La Mansonnière cave
|This article does not cite any sources. (March 2011) (Learn how and when to remove this template message)|
La Mansonnière cave was discovered by the Speleo Club du Rond Point de L'Aigle (SCRPLA) in 1977. The discovery was published in the bulletin printed by La MJC de l'Aigle and was reported to the French Federation of Speleology at the St Etienne de Rouvray Conference.
The Cave was originally called "La Grotte de Bellou sur Huisne", after the name of the local commune in south eastern Orne county, Normandy. It lies in a disused chalk mine used at the time as a mushroom farm. The entrances were walled up, but permission was obtained to gain entry to the labyrinth, referred to by the mushroom workers as 'clay pockets'. It was clear that extensive digging could link up the truncated sections to lengthen the cave from 140 metres to more than one kilometre, making it one of the longest chalk caves. The tunnels are about 1.5 metres high but are extensively choked with sediment.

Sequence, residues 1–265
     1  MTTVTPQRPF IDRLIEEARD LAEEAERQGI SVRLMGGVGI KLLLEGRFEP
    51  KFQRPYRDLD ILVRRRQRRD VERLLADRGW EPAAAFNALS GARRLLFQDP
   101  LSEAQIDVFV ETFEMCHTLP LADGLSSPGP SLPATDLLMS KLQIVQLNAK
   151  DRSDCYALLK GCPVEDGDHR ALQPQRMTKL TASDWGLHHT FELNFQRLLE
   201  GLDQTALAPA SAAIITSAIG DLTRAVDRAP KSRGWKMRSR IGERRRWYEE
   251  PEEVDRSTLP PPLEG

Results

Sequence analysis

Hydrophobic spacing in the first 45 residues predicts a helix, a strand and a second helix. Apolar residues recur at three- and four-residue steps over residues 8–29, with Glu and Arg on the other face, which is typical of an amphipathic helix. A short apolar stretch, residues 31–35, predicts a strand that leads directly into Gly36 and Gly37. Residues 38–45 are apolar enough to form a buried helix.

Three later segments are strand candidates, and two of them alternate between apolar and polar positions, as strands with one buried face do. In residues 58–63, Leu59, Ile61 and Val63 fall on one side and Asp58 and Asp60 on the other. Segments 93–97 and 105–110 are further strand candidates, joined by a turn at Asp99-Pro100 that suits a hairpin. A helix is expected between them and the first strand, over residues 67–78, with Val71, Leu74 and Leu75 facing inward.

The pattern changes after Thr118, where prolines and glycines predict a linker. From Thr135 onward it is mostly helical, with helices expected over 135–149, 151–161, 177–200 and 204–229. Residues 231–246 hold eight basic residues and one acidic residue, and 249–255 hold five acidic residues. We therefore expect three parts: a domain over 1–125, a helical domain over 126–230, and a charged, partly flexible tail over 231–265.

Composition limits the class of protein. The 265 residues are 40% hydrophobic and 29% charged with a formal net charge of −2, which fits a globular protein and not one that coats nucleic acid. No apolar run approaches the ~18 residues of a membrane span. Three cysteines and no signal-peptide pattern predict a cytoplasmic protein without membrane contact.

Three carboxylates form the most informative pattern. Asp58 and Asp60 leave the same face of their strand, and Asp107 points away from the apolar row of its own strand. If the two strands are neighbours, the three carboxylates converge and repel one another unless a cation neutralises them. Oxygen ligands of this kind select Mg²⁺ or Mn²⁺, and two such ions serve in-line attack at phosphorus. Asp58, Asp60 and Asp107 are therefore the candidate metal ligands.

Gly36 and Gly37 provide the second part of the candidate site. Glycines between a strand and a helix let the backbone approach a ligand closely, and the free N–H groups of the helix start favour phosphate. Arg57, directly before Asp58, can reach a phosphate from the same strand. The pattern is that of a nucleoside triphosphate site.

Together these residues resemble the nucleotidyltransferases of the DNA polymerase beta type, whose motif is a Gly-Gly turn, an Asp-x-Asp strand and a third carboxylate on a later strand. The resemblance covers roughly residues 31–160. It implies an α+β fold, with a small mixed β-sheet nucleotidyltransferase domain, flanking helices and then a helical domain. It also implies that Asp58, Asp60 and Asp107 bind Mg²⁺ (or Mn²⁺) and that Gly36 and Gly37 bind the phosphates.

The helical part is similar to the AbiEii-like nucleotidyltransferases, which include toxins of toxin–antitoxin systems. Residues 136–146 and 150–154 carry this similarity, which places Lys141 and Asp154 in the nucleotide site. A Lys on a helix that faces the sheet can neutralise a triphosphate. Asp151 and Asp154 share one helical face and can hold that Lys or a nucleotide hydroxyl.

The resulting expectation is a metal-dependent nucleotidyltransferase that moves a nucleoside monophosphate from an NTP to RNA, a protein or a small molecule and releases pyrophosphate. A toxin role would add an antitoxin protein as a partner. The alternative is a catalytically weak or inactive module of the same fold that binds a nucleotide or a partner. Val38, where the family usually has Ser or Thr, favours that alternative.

French cavers later renamed the cave and engaged in extensive digging, removing much of the valuable varve deposits which the SCRPLA had hoped to preserve for study by professional soil scientists. The SCRPLA produced a study of the cave which has since been added to by other groups. The cave suffered considerable vandalism when the mushroom farm ceased activity, but has since been re-gated. The cave is not related to any current hydrogeological system. There are very extensive (30 km) active karst systems under the nearby Pays d'Ouche district although extensive exploration by the SCRPLA has not managed to penetrate any of these. However, they have located detailed descriptions of at least one cave explored by the Parisian water authorities in the nineteenth century. For more information on Chalk karst, the works of the great pioneer speleologist A.E.Martel should be consulted.